How does Hydroelectricity Work

Canada is known as the second-largest producer of hydroelectricity in the world coming second to China. As a global leader, Canada is actively in urging other countries to build-up their own production and distribution of hydroelectricity, known as a renewable source.

For anyone interested in learning more about hydroelectricity, here are the primary details you all need to know.

Hydrologic Cycle

Featured image How does Hydroelectricity Work Hydrologic Cycle - How does Hydroelectricity Work

Hydroelectricity is produced by gravity and water cycles. The hydrologic cycle refers to the process of water evaporating from the oceans to form clouds and then fall from the sky as either rain or snow. Water from rain and snow then gathers into rivers and streams and then find their way back to the sea.

In this cycle, humanity has found a way to generate a form of energy through nature’s own engines.

The Turbine and Generator

Featured image How does Hydroelectricity Work The Turbine and Generator - How does Hydroelectricity Work

To generate electricity from moving water’s kinetic energy, a propeller-like device called a turbine is needed. Movement of water from rivers and streams that have sufficient speed will spin the turbine around. Through the turbines that water then rotates a generator which well, generates electricity.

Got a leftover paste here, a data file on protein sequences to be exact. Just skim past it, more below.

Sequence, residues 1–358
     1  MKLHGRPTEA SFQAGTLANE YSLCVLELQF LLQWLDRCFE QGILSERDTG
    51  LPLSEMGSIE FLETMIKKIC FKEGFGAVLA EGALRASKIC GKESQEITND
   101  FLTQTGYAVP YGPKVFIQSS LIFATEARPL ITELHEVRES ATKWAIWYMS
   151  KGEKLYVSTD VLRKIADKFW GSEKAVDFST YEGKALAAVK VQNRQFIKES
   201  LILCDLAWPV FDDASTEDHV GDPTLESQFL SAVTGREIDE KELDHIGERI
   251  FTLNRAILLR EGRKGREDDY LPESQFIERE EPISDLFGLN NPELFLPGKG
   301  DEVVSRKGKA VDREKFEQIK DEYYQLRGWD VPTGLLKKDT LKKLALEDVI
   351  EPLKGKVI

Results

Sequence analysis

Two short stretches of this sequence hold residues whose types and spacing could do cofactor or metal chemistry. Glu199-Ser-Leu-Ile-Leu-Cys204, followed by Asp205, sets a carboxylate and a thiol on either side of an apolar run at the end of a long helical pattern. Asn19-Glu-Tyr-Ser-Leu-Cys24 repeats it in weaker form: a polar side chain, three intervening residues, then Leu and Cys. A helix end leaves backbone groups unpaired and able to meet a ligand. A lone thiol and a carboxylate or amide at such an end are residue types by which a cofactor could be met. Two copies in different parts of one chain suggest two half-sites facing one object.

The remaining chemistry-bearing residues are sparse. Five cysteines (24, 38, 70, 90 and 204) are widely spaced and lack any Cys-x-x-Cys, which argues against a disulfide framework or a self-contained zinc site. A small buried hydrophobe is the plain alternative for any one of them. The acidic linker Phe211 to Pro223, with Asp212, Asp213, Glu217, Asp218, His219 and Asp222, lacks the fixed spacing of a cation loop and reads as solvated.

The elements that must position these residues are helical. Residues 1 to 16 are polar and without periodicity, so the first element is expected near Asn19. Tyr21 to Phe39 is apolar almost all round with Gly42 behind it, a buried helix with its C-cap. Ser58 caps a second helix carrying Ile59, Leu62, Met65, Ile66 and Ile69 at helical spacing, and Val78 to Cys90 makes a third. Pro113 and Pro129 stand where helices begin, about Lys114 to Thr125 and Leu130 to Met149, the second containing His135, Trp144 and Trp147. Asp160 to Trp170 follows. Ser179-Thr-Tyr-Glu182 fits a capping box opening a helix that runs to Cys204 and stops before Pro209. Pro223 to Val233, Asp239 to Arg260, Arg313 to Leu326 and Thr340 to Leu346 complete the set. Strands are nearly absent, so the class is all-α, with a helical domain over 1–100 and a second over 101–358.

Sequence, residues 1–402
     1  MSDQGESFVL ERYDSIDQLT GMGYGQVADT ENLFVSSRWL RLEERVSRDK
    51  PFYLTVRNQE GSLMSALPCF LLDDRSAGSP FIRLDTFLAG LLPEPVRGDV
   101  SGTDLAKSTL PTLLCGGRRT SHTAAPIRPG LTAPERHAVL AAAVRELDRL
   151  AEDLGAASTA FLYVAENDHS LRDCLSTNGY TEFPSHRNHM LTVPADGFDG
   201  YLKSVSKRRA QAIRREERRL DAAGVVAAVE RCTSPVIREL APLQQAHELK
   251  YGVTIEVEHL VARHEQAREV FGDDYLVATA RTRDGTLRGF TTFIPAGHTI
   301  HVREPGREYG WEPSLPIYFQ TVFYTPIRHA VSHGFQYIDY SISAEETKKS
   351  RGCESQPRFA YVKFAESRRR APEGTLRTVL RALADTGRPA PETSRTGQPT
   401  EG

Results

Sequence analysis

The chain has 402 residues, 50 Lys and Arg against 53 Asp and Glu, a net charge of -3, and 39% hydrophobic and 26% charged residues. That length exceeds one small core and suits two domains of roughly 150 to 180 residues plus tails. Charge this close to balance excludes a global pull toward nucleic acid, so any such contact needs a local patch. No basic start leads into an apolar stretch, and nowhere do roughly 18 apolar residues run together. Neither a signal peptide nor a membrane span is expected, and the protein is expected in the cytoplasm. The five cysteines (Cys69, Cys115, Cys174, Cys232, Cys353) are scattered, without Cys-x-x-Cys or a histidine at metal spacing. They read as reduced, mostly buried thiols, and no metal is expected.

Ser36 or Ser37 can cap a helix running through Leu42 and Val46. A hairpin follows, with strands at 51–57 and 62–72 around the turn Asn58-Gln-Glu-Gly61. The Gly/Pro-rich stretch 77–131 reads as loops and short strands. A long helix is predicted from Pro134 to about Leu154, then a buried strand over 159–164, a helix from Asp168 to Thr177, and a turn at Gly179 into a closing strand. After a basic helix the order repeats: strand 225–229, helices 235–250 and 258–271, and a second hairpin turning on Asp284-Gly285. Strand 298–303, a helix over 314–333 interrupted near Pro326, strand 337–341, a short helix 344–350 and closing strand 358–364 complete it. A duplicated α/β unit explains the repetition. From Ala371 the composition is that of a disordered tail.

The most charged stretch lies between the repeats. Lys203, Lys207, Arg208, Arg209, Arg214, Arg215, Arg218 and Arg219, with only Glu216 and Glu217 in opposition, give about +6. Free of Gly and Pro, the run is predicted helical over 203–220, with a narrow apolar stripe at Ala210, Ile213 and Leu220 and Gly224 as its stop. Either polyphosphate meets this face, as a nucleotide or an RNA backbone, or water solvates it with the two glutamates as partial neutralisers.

The concept is simple to understand but there are certain things to consider before doing so. You need to think of the source of water and if it is able to keep on pushing water currents towards the generator.

To generate one kilowatt of electricity, one gallon of water per second falling from 100 feet is needed.

The Pros and Cons

Featured image How does Hydroelectricity Work The Pros and Cons - How does Hydroelectricity Work

Hydroelectricity is without a doubt clean and renewable. It does not emit greenhouse gas emissions nor air pollution. It is also an affordable alternative when it comes to electricity. However, there are also certain downsides with hydroelectricity. The most common one is water quality degradation because of blocking rivers using dams. In doing so, riparian and aquatic habitats can be damaged.

That is why it is important to assess everything, especially the potential environmental and social consequences. But if done right and responsibly, there is a way to avoid all the negative impacts and still generate a great amount of hydroelectricity.

Clean and renewable energy sources are more important than ever.